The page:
How stupidity can be useful

Giancarlo Livraghi – June 2012

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In sixteen years of thinking and writing about stupidity (and many more being uncomfortably aware of the problem) it never dawned on me that it might be “useful” (or maybe even necessary).

But with more listening, reading and learning I am beginning to feel that it can be worthwhile to consider it also in this perspective.

This doesn’t mean praising it – not even ironically as Erasmus did in his Encomium Moriae. It’s a matter of trying to understand if and how, sometimes, stupidity can have a meaningful role that isn’t only harmful.

I don’t intend to repeat here what I wrote in Errare humanum (chapter 29 of The Power of Stupidity) about the importance of learning from mistakes and the use of deliberate errors in testing scientific procedures or project development. Nor on the mischievous exploitation of other people’s stupidity (Stupidity and Cunning chapter 17).

A way of confusing the issue is to believe that stupidity is simply funny – useful, above all, to have a good laugh. Thus falling into the trap of treating as ridiculous any opinion (or fact) that doesn’t agree with our prejudiced way of thinking. It’s true that irony is a resource, amusement is pleasant, laughing about silliness can be relaxing. But it’s self-defeating when it becomes a subterfuge to avoid facing the problem.

“Ignorance is bliss”, the saying goes – “not knowing” can be comforting. But it’s dangerous. So here is an example of how stupidity can be useful. Every time a mistake (our own or someone else’s) forces onto us the unpleasant task of understanding why and how it happened, if the consequences aren’t catastrophic we have a learning opportunity that otherwise we could have missed.

The history of science and knowledge shows that many of the most useful discoveries were made by mistake. This isn’t only because of the intentional discipline of deliberately exploring unlikely, or unreasonable, alternatives. It is also, quite often, the unexpected result of apparently stupid errors.

Not only in biology, but also in the evolution of culture, without stupidity we wouldn’t have those “mutations” that lead to many failures, but also generate fertile developments that otherwise may not be available.

How many painful accidents were caused by prehistoric experimenters before they understood how to tame fire? How many brave, but incautious explorers drowned before the art of sailing was developed?

How stupid was considered the first person who (probably in very old, unrecorded times) thought that the earth may not be flat? Or may not be the center of the universe? How many people in our current environment are likely to stumble into a faulty experiment from which we may learn something extraordinarily important?

In addition to understanding stupidity, in order to avoid or reduce its damage, it isn’t such a bad idea to find the ways in which it can be useful.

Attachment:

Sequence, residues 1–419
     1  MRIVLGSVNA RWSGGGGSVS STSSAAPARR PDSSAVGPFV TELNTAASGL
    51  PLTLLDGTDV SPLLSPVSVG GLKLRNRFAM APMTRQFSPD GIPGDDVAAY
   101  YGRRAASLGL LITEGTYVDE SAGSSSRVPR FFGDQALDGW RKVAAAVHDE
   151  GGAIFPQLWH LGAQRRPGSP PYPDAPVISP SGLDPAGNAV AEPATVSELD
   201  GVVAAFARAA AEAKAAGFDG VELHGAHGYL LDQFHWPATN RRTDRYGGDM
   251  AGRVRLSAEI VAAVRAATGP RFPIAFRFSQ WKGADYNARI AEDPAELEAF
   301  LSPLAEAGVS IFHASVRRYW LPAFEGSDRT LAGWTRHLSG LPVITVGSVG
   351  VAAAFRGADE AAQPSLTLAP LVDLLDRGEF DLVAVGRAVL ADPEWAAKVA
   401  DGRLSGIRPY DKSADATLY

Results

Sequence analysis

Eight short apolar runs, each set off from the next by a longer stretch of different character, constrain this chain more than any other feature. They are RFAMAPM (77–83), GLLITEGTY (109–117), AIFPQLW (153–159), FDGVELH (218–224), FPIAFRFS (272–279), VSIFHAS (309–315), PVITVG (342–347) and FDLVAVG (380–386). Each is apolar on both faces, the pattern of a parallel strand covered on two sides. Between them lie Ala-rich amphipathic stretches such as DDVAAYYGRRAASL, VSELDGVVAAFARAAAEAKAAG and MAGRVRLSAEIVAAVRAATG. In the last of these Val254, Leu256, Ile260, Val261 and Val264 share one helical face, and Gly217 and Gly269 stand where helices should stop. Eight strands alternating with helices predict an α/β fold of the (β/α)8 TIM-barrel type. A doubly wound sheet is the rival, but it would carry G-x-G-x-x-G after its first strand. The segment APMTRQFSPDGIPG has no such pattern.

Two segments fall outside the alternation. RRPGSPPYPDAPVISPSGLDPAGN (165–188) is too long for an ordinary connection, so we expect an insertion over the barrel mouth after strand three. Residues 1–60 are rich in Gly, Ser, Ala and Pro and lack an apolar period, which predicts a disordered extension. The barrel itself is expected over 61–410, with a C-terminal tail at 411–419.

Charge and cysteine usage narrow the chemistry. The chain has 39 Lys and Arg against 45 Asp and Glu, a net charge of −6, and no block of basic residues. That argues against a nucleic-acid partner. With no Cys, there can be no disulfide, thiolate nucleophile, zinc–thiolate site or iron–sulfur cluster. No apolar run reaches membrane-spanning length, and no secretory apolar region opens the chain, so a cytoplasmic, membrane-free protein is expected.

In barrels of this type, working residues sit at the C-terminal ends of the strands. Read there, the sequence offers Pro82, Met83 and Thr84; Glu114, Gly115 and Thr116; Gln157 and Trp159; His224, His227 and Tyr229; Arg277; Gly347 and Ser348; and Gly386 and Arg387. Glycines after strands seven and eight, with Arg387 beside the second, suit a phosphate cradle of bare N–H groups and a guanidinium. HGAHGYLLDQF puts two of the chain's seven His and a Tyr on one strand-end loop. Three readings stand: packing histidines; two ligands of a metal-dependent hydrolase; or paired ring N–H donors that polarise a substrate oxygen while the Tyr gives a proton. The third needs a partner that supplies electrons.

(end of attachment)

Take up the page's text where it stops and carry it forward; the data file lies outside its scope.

For instance we could allow a thought or a doubt that we perceive as stupid or useless to wander for a while before we rub it out. If we let it grow a bit in a secluded greenhouse in the back of our mind, maybe it could turn, unexpectedly, into something worth considering.

Many things that we read and hear are stupid. False, or misunderstood, or poorly explained. It’s a troublesome, but necessary, task to doubt, recheck, rethink, correct. But it can also happen that somewhere, even in phony or superficial information, something is hidden that can be quite relevant. If we are motivated by keen curiosity, we may notice a tiny signal leading beyond obvious appearances to an interesting unexplored path.

It can happen in countless ways that the solution to a difficult problem suddenly turns out to be quite simple. After it’s found, it’s obvious. But it remains hard to understand why nobody had thought of it before.

A vitally important resource is the study of stupidity in history. A science in never-ending evolution, because the discovery of sources that were missing or misunderstood – as well as new archaeological findings – are helping to improve understanding and change perspectives.

The extraordinary usefulness of history (especially when it isn’t “recent”) is that we know the outcome of past events. It’s interesting to find varying and contrasting explanations of what, how and why led to the consequences we now know – that are often very different from the intentions and expectations of whoever was involved at the time.

It’s a problem that stories of (real or apparent) success tend to prevail. We can learn more from mistakes, failures an defeats.

The glories of winners are shining bright (or are made to appear so after they have won). It is less comfortable, but more useful, to explore the timid, scared and shameful shadows hiding the humble history of human stupidity, from its remote origins to everyday news.

This doesn’t mean that we can afford to cultivate, admire, imitate (or even tolerate) stupidity – as is done too often, from the depth of remote past to today’s troubled times. But it’s worth understanding how it can be useful.

On learning from biology, even before history,
see Dinosaurs aren’t extinct

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